- Brachot 5b
Given the clear messages of these texts we are all commanded to take care of the elderly, visit the sick, and respect each person’s divine individuality. The retirement communities described in the New York Times article need to carefully balance the needs of all of their residents and take care of each of them with dignity and respect. These texts will lead to a rich discusion of values.
Question: “RE: article in NYT Feb.14 2012 Science/Health section about a Senior Residence Facility passing an edict that residents in the Assisted Living and Nursing facility can not eat in the same dining room as the independent living residents. (I recommend you read the article). Some couples and friends can no longer dine together. Various reasons were cited for the decision. Space, mobility, safety, and concern about depressing the independent residents, among other reasons. This is screaming out to me as a great discussion topic in Jewish values. I can point to the values of caring for the sick and disabled, treating your neighbor as you would like to be treated, honoring the elderly, etc., but I am looking for specific sources and quotes to use as a teaching lesson. Thanks.”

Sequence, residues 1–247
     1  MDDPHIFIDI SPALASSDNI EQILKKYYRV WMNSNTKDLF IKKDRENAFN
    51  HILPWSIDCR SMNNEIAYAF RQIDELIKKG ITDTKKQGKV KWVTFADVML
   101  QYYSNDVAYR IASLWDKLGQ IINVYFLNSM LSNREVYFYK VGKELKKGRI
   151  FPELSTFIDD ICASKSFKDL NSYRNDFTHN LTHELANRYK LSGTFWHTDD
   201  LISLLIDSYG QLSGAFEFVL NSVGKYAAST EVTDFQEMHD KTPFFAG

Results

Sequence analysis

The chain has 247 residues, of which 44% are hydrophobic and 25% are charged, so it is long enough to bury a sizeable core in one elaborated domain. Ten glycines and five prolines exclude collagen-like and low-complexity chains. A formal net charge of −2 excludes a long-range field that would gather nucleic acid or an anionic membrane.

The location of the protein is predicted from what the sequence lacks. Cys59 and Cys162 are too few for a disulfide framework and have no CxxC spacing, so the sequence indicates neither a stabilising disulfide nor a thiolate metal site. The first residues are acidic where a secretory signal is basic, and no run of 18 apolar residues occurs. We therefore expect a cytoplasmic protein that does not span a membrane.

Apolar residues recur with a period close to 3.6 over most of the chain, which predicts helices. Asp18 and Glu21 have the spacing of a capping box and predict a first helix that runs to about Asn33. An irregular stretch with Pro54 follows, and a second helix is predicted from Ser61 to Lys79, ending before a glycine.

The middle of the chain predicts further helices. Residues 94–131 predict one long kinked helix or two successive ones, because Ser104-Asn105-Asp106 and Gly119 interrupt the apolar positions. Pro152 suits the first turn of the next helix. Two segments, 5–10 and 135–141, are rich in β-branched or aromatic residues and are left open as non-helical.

The complicated situation that this article details (“Tables Reserved for the Healthiest” NYTimes for February 9, 2012, found online at http://newoldage.blogs.nytimes.com/2012/02/09/tables-reserved-for-the-healthiest/?ref=health) can easily break one’s heart. To hear that couples have been separated, or that seniors with disabilities were excluded because they seemed – by someone in authority – to be unable to care for themselves in the communal dining room, is shameful. And yet, when one reads this report, one begins to see the various sides of this issue.
As with many – if not all – ‘ethical matters’, selecting one particular course of action is not a choice between ‘good’ and ‘bad’, but rather between many competing ‘good’ values. We want to honor those who want to live independently and, at the same time, it’s vital to be concerned about the safety and health of all the residents. When we filter out the voices of exclusivity from that article (“I should be able to have what we call quiet enjoyment,” said one female resident. And “It’s a very upscale community,” said [the developer and current executive director of the Norfolk facility]. He continued, “When someone comes in wearing a coat and tie, with guests, they want an ambience of fine dining”.), I think we can find points of contention between competing values.